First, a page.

Q. What level of responsibility for our employee’s health do we have as an employer?
A. Employers have a statutory duty of care for their employees’ health and safety, and to provide a safe place to work. There is also a moral responsibility to ensure that employees feel safe and secure in their employment. Employers should be proactive to protect their staff and minimise the risk of the virus spreading.
Therefore, do keep up to date with the situation as it develops and refer employees who are concerned about infection to official and expert medical sources such as GOV.UK and the National Health Service.
The main ways to prevent any infection from spreading, includes:
• making sure the workspace is clean and hygienic;
• promoting regular and thorough hand-washing;
• providing all staff with an alcohol-based hand rub; and
• encouraging staff to use and dispose properly of all tissues.
The Government’s guidance on COVID-19, including the risk level in the UK, what to do if you have symptoms, and what the government is doing about the virus is updated at 2pm every day.
Yesterday, the Government also published further Stay at Home guidance for those with confirmed or possible corona virus (COVID-19) infection.
Q. What is the current position as far as Statutory Sick Pay (SSP) is concerned?
A. New Statutory Sick Pay Regulations came into force today amending the existing Regulations and the definition of those who qualify for SSP to a person who is “isolating himself from other people in such a manner as to prevent infection or contamination with corona virus disease, in accordance with guidance published by Public Health England, NHS National Services Scotland or Public Health Wales and effective on 12th March 2020; and by reason of that isolation is unable to work”.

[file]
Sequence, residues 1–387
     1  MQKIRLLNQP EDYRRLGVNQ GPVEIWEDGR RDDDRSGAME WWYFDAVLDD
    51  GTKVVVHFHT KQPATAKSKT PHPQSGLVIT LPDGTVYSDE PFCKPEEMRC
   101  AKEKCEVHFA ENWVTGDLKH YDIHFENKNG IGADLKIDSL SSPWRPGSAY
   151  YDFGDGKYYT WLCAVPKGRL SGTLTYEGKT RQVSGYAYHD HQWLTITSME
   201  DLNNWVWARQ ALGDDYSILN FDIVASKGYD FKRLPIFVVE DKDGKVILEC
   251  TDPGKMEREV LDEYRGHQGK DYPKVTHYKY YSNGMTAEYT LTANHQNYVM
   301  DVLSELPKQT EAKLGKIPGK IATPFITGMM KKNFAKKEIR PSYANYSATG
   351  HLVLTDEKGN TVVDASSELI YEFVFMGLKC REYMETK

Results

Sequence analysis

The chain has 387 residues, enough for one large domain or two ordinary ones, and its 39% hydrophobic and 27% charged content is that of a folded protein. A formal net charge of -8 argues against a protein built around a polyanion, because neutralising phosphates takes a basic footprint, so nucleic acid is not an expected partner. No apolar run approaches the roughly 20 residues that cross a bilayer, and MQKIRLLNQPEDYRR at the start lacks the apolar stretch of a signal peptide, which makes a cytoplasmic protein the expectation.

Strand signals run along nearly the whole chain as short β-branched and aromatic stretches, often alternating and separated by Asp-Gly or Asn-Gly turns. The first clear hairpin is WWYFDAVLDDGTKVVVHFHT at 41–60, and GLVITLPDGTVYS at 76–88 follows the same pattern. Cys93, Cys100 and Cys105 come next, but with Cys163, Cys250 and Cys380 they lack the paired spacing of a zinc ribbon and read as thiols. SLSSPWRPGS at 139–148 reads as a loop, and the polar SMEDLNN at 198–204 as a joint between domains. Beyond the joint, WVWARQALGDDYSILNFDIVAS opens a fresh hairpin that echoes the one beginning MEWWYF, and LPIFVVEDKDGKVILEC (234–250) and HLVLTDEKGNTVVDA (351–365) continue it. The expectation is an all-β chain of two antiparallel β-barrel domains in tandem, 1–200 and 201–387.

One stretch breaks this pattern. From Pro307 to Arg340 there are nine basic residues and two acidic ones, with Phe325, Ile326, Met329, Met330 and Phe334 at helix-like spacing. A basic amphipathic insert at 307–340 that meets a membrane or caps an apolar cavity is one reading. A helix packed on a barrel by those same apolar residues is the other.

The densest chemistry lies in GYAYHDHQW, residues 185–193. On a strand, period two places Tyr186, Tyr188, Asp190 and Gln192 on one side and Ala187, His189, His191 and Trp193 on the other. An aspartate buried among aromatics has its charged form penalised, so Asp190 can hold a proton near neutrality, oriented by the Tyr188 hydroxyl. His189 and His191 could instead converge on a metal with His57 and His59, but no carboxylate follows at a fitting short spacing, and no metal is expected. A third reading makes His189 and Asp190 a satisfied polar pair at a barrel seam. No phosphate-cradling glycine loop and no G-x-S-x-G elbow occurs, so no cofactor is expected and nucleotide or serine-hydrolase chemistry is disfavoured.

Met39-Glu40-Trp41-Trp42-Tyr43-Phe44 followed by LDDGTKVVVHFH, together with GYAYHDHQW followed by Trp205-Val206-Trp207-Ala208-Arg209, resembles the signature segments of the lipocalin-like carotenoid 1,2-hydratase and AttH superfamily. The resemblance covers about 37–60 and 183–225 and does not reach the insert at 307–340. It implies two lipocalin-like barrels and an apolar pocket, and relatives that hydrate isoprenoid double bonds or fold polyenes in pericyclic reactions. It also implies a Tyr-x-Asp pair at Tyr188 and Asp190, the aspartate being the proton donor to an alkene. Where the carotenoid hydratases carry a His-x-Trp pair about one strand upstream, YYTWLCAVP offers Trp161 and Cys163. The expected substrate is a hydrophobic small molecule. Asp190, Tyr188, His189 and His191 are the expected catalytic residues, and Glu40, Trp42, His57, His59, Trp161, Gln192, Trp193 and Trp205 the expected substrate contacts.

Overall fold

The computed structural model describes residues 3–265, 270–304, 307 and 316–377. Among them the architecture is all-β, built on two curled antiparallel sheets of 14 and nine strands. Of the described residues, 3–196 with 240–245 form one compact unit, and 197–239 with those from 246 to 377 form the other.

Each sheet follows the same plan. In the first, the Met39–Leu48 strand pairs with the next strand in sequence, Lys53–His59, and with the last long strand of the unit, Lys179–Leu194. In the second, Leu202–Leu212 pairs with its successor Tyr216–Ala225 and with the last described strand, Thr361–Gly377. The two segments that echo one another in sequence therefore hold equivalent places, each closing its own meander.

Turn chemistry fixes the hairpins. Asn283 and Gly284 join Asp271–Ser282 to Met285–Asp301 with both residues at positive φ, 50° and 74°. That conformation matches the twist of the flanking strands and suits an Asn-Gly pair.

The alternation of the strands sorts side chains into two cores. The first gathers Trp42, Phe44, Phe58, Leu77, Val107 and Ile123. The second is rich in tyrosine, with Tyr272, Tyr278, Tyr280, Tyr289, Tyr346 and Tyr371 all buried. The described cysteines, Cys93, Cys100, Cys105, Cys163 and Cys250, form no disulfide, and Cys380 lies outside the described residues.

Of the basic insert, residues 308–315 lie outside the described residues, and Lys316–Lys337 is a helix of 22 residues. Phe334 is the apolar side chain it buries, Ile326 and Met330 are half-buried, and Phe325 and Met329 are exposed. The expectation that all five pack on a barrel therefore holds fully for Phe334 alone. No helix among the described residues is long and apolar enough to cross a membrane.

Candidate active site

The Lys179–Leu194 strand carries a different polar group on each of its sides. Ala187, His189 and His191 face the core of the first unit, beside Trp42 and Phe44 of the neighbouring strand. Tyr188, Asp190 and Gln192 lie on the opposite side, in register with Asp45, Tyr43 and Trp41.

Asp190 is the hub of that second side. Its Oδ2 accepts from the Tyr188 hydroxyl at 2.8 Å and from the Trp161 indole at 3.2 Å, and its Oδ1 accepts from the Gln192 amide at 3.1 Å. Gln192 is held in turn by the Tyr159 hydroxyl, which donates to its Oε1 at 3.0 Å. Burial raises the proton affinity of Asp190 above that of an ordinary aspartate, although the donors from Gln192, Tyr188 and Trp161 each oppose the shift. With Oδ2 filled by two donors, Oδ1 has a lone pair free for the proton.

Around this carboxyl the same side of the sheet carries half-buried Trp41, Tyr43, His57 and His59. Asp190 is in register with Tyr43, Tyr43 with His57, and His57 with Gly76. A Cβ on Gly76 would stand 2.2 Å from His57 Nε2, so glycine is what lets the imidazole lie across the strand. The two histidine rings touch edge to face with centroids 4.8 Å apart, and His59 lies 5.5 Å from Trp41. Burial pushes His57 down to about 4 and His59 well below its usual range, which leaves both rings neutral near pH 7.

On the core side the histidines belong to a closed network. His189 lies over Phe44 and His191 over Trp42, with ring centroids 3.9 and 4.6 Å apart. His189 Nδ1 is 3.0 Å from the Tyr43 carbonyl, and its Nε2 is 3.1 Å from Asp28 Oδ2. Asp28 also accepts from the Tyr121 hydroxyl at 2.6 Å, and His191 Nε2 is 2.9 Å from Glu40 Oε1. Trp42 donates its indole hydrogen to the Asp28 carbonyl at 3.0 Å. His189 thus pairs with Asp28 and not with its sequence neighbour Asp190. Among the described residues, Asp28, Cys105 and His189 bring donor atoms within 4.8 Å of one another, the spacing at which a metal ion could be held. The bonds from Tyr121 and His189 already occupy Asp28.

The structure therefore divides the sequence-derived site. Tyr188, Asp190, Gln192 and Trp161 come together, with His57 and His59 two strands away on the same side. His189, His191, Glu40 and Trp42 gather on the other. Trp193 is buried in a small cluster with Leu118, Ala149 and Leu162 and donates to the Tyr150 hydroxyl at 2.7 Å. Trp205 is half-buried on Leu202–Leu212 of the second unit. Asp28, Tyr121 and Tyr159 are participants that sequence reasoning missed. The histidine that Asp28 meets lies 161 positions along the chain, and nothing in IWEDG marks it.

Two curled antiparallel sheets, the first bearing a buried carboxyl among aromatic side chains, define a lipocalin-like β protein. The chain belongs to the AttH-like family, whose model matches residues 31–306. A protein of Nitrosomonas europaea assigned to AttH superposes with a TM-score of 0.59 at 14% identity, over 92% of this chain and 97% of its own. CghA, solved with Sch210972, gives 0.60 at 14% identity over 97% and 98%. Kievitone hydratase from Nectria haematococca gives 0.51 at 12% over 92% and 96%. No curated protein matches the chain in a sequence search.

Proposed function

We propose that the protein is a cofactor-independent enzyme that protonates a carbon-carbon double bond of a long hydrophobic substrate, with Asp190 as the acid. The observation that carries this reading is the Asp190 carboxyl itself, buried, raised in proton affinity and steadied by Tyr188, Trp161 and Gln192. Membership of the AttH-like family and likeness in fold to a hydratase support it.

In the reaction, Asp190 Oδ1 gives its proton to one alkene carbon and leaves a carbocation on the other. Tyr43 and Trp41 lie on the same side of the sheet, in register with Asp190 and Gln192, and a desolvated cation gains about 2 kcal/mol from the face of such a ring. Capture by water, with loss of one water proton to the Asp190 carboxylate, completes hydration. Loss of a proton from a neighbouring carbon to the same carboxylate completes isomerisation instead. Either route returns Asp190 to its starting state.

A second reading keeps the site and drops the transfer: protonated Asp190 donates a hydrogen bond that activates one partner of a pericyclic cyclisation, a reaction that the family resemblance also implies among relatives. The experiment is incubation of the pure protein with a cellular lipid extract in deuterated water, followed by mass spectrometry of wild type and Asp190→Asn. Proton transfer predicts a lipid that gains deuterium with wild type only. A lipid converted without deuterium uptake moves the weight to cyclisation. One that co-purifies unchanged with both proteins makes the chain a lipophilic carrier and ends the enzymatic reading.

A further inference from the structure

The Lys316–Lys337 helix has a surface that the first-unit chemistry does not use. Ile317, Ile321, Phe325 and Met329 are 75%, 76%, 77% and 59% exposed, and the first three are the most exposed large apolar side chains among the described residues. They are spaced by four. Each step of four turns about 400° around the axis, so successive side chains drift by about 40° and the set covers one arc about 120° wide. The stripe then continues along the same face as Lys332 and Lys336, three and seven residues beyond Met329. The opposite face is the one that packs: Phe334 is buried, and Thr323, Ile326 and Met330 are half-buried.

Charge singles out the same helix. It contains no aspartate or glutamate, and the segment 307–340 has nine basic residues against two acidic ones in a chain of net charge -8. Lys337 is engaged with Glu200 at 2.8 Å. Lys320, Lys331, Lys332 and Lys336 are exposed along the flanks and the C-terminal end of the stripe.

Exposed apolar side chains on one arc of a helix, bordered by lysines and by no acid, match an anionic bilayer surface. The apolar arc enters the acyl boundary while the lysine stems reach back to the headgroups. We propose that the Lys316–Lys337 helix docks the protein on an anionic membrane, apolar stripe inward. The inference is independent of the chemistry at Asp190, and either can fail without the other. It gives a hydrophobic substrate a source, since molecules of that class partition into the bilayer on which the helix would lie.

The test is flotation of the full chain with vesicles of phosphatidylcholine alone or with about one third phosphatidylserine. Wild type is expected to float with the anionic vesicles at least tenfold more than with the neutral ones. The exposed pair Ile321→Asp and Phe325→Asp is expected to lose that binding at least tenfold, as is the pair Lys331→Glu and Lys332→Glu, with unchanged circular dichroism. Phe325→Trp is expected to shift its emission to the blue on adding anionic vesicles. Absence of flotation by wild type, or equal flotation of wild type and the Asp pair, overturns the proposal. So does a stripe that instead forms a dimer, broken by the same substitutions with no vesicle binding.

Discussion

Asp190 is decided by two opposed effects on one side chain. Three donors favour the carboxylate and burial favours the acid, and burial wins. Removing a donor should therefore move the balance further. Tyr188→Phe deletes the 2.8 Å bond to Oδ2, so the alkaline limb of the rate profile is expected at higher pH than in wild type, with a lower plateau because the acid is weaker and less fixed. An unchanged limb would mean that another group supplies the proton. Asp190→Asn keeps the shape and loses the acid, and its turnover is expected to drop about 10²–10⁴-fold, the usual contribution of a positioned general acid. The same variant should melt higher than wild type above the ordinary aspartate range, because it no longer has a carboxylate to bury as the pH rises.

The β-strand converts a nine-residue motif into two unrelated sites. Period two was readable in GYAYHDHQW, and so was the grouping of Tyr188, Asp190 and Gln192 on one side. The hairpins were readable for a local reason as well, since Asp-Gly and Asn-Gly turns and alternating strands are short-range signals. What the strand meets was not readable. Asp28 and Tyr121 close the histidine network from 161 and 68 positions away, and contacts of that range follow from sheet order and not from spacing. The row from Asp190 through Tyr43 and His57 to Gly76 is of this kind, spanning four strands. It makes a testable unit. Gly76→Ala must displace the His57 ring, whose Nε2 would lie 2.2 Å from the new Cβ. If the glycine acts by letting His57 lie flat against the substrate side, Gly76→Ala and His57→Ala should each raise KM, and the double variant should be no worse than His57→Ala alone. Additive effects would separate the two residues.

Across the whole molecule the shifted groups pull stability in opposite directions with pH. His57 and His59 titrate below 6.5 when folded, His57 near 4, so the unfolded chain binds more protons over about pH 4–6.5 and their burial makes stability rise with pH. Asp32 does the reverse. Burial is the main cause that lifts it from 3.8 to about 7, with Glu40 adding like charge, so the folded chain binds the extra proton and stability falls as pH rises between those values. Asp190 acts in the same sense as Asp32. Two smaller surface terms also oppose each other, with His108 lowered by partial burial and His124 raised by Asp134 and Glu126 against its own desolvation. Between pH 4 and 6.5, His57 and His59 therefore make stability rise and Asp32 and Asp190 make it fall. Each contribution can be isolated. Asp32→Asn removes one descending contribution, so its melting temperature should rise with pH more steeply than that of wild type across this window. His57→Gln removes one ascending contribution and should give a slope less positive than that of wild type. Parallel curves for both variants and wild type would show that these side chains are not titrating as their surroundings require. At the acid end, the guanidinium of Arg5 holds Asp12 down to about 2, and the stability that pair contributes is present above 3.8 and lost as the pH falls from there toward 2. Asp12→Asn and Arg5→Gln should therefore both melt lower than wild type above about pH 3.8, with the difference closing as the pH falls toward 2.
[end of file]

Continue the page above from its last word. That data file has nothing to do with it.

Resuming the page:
For the moment, however, there remains a waiting period of three days before the entitlement to SSP kicks in on the fourth day, although the Government is expected to bring in further new legislation to allow payment from the first day of sickness absence whilst the virus persists.
Similarly, legislation is also expected to enable organisations with fewer than 250 employees to be able to reclaim the cost of SSP paid for the first 14 days of absence from the Government.
Q. What are we obliged to do for an employee who needs to take time off to care for a sick relative or look after a child whose school has been closed due to the virus?
A. Time off required by an employee to make emergency arrangements are likely to be covered by the statutory right for emergency time off to care for dependants. However, this time off does not attract the right to pay and it is up to you as an employer to decide if you wish to pay employees for this time which may amount to no more than a couple of days .
Once arrangements for care are in place, Acas guidance suggests that if the employee remains off work then they might use their holiday entitlement so that they remain entitled to pay.
Employers may also wish to consider introducing a temporary policy to deal with such situations whilst the virus persists and provide for payment for a specified period if they wish to be more generous. However, we would advise that any policy is very clear about what situations it will cover, that it is temporary to support staff during the current virus outbreak and is subject to review on an ongoing basis.
Q: What do we do if an employee refuses to come into work?
A: Some employees will be genuinely concerned about their health and may refuse to come to work. All concerns raised should be taken seriously and all employers are encouraged to be very clear and transparent about the steps they are taking in the workplace to minimise the spread of infection.
You may wish to offer a temporary flexible working arrangement, including homeworking if practicable. Alternatively, you could allow the employees to take time off as holiday or unpaid leave. Again, you may be introducing a temporary policy given the exceptional circumstances and if so, do make that clear to staff.
Q. What should we do if an employee simply fails to turn up for work?
A. Being absent without authorisation and making contact with you as the employer will potentially be a disciplinary matter which could result in dismissal. However, we are urging employers to be more lenient in the current climate and as usual in these situations take all reasonable steps to make contact with the employee and find out why they are not in work before moving to any disciplinary action.